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Culture

Your Yearly Reminder That Cultures Are Not Costumes

Two weeks ago, like almost everyone I know, I caved. I finally watched Squid Game on Netflix. The show is a sensation and it is the most viewed series on Netflix for good reason. After watching the show, the TikTok algorithm did what it does best: read my mind. I saw this TikTok on my FYP and realized that once again, people will use Halloween as an excuse to be blatantly racist.

@youngmimayer

it’s totally ok to put on a tracksuit and a wig just don’t get racist with it

♬ original sound – youngmi

In the caption of the video, YoungMi, the creator of the TikTok, writes that it is “totally okay to put on a tracksuit and a wig, just don’t get racist with it.”

There is a clear distinction between putting on a costume and putting on a culture. Dressing up as an Asian character is perfectly fine but taping your eyes back to look Asian is racist.

This little guide can be applied to popular Halloween costumes in recent years as well. Wearing a Princess Jasmine costume is totally okay, but getting a spray tan to look browner is racist.

Consumers or costume-wearers are not the only ones guilty of ignoring the very clear line between culture and costume. Stores that sell costumes like Party City and Spirit Halloween continue to sell outfits that are not only cultural appropriative but promote harmful stereotypes. The year after Trump was elected, Party City sold a costume called “Trump’s Wall,” as if the rise in anti-immigrant sentiment was not high enough. Party City received some criticism, but continued to prioritize profit over this racist costume. Last year, thousands of signatures were collected to stop Spirit Halloween from selling a “Pocahottie” costume. Native activists spoke up about how their rights and land are being actively stolen, yet colonizers are dressing up as them for Halloween and oversexualizing their cultural wear.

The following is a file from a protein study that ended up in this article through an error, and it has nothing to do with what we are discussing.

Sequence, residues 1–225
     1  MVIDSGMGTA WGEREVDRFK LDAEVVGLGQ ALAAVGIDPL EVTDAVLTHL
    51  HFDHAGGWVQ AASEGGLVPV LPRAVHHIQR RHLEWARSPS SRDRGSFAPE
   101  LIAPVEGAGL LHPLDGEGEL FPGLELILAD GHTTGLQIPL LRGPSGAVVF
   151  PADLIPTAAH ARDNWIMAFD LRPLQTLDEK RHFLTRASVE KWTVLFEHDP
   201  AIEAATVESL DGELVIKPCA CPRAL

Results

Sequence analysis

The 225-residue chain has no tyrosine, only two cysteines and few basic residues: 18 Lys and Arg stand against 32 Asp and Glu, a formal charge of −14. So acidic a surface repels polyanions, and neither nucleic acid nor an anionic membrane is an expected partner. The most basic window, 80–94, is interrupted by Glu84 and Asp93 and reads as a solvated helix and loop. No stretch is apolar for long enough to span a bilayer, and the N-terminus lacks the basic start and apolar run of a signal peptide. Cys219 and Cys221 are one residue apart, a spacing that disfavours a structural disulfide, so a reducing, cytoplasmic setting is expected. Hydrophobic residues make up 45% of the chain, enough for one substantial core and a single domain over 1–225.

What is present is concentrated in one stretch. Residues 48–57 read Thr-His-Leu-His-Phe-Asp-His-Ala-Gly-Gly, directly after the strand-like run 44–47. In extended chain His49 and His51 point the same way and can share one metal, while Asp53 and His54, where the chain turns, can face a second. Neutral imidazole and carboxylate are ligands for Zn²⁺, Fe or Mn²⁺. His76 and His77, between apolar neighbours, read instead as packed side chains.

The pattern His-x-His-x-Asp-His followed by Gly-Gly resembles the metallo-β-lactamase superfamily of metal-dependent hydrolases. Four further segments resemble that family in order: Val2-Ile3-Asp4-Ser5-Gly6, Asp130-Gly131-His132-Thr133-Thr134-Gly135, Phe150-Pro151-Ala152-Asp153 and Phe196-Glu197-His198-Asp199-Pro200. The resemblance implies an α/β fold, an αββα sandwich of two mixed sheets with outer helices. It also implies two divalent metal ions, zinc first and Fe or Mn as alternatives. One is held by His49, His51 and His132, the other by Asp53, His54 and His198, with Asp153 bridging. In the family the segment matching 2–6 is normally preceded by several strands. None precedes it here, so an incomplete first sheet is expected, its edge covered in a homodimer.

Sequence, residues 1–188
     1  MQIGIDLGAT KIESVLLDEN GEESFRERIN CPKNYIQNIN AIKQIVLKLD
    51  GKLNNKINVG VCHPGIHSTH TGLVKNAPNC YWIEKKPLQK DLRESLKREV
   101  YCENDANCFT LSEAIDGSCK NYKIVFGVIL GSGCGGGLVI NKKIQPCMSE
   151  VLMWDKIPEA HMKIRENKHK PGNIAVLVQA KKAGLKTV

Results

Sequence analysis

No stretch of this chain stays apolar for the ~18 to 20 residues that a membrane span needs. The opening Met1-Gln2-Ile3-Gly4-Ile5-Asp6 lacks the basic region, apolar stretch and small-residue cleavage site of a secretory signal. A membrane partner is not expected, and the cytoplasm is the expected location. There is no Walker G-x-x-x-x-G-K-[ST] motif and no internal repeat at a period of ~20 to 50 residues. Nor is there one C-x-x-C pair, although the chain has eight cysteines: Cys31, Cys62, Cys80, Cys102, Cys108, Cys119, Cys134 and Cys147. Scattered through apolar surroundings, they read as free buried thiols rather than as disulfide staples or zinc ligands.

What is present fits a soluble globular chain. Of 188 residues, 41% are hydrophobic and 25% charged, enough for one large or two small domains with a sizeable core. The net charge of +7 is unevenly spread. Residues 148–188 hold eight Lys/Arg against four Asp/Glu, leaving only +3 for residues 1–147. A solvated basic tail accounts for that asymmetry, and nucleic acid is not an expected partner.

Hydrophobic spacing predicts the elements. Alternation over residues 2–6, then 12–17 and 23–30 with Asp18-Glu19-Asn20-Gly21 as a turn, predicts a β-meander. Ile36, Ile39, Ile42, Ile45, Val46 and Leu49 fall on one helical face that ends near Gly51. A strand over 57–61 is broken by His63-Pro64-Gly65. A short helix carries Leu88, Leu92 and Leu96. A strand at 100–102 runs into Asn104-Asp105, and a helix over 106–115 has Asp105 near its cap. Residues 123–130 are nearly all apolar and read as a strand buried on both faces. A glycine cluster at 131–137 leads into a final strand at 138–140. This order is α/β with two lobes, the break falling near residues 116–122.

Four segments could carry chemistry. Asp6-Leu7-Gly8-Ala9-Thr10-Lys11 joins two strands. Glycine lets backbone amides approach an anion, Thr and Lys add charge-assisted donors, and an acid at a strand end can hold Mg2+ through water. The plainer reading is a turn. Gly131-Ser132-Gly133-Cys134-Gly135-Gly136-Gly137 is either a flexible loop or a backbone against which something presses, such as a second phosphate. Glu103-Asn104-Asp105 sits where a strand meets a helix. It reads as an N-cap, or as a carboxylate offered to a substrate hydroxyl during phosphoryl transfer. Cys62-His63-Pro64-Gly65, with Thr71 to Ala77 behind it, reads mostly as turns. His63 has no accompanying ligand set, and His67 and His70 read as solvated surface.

This year, Spirit Halloween is under fire selling “afro wigs,” implying that Black hair is a costume. A TikToker made a video about this by pointing out every time she saw an example of cultural appropriation at Spirit Halloween. It is not that Black hair by itself is cultural appropriation, but selling Black wigs to a largely white consumer market can be a bit tricky. Another point of contention is that the models on the covers of the packages are white. Spirit Halloween is marketing Black hair to white people, a surefire recipe for disaster.

Cultural appropriation is also harmful because at the end of the day, the person wearing the culture can take it off. It is not fair for people to take on the traits and mannerisms of a different group of people and be able to leave those traits and mannerisms behind the next day. People of color cannot take off their culture or erase themselves to assimilate into whiteness. Culture is an integral part of people’s identities and oversexualizing it or misrepresenting it can perpetuate stereotypes.

Something as simple as putting on a costume leads to people of color being seen as white passing when they are clearly not. The idea that white individuals can put on and take off cultures is a privilege that people of color do not have. Their day to day lives are the culture, and in the context of cultural appropriation, people of color are the costume. The actions of cultural appropriation have real consequences.

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Hello! My name is Maya Topiwala (she/her) and I am a second year International Affairs major at Florida State University. I'm from Atlanta, Georgia. I am really passionate about local politics and grassroots organizing. In my spare time, I read, cook, and hike.
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